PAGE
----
Business · Management

Altucher: The Ultimate Cheat Sheet For Starting And Running A Business

Devin Fee Director of Operations at Chiron Health

August 20th, 2013

I came across this today, and thought it was worth passing along. My favorites below -
  • 7) How much equity should you give a partner? Divide things up into these categories: manage the company, raise the  money, had the idea, brings in the revenues, built the product (or  performs the services). Divide up in equal portions.
  • 9) Should you barter equity for services? No. You get what you pay for.
  • 21) Should I ever focus on SEO? No.
  • 22) Should I do social media marketing? No.
  • 25) Having a powerpoint that doesn't show me arbitrage. I need to know  that there is a small chance there is a 100x return on money.
  • 30) Should I do market research? Yes, find one customer who DEFINITELY,  without a doubt, will buy a service from you. Note, I don't say buy  your product because your initial product is always not what the  customer wanted.
  • 36) What other reasons should one fire an employee? (All points apply)
  • 51) What is the only effective email marketing? Highly targeted email  marketing written by professional copywriters and the email list is made  up of people who have bought similar services in past six months.
  • 56) Should I blog? Yes. You must. Blog about everything going wrong in  your industry. Blog personal stories that you think will scare away  customers. They won't. Customers will be attracted to honesty.
  • 57) Should I care about margins? No. Care about revenues.
  • 59) Should I hire people because I can travel on a seven hour plane  ride with them? Don't be an idiot. If anything, hire people the opposite  of you. Else who will you delegate to.
  • 63) Should I negotiate the best terms with a VC? No. Pick the VC you  like. Times are going to get tough at some point and you need to be able  to have a heart to heart with them.
  • 68) When should I give up on my idea? When you can't generate revenues, customers, interest, for TWO MONTHS.
  • 71) Should I hire a head of sales? No. The founder is the head of sales until at least ten million in sales.
  • 82) Should I expand geographically as quickly as possible? No. Get all  the business you can in your local area. Travel is too expensive  time-wise.
  • 83) How do I keep clients from yelling at me? Document line by line  every meeting and send your document to the client right after the  meeting.
  • 96) Investors want to meet me and customers want to meet me. Who do I  meet if I need money? You should know the answer to that by now.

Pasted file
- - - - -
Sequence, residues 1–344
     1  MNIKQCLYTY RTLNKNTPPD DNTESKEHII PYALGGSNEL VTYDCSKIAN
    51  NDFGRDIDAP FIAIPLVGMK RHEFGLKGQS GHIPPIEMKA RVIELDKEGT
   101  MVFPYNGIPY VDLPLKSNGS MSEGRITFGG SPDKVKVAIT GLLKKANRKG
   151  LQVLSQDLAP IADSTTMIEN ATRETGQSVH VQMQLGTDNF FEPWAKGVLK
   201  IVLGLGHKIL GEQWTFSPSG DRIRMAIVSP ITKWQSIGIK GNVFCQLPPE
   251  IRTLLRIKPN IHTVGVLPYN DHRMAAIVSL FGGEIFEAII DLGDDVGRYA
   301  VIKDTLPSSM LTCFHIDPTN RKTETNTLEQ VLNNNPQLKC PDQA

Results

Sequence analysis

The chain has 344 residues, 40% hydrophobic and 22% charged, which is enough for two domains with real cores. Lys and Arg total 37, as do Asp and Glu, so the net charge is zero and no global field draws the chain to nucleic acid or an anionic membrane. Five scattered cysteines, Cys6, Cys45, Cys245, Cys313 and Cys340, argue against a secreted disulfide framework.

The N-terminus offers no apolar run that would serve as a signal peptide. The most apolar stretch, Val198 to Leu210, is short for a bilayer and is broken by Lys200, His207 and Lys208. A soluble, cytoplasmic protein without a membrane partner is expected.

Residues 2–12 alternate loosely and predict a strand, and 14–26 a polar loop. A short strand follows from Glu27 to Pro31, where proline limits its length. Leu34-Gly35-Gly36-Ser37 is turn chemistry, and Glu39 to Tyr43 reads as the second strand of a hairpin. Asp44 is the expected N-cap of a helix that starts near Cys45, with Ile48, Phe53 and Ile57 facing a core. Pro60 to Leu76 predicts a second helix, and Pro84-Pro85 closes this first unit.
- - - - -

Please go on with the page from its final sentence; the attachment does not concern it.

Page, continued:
• 97) If an acquirer asks me why I want to sell, what should I say? That  you feel it would be easier for you to grow in the context of a bigger  company that has experienced the growing pains you are just starting to  go through. That 1+1 = 45.
  • You create your luck by being healthy and not regretting the past or being anxious about the future.
That's quite a few points, but I clipped those from my Evernote account. The full list is great, too.

Duane Nickull Chief Marketing Officer, Co-Founder at Cheddar Labs

August 20th, 2013

To add some bits to this conversation, here are the slides from a keynote speech I did last year at the Technical University of Vienna entitled Startup Heaven or Hell: 15 years of start-ups, blunders, karma and luck.

Don't repeat my mistakes, it is very expensive.  Learn from them ;-) 

Aravind Nirmal Kumar Formally Informal

August 22nd, 2013

Luckily I have had the privilege of working with James Altucher, wow he is full of energy, ideas and passion.

Alfred Lui UX and Digital Service Designer, Community Builder, Speaker of UX Design for the Internet of Things

August 22nd, 2013

Great find. Thank you for sharing!

Andrew Tischler

August 26th, 2013

Thanks very much for these.

Brent Goldstein

August 27th, 2013

This is really great. I've seen similar advice from veterans, but this is dead to-the-point and cuts through all the bullshit. Get customers, generate revenue, get over yourself and keep getting new ideas. A lot of the best advice is hard to swallow at times because building a business is an emotional investment; this reminds you that being successful means making business decisions.